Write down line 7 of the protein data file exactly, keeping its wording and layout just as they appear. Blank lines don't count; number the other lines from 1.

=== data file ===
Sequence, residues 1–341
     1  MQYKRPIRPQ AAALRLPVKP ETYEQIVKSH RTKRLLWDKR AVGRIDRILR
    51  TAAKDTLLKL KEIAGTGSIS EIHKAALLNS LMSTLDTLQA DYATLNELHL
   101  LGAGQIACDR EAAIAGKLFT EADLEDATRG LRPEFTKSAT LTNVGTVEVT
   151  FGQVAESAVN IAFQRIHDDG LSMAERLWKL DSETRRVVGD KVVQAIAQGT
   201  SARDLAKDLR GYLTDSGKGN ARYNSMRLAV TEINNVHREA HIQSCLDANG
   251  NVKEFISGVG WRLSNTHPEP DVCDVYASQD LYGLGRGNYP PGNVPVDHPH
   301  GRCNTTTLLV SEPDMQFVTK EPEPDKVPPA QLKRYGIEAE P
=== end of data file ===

   251  NVKEFISGVG WRLSNTHPEP DVCDVYASQD LYGLGRGNYP PGNVPVDHPH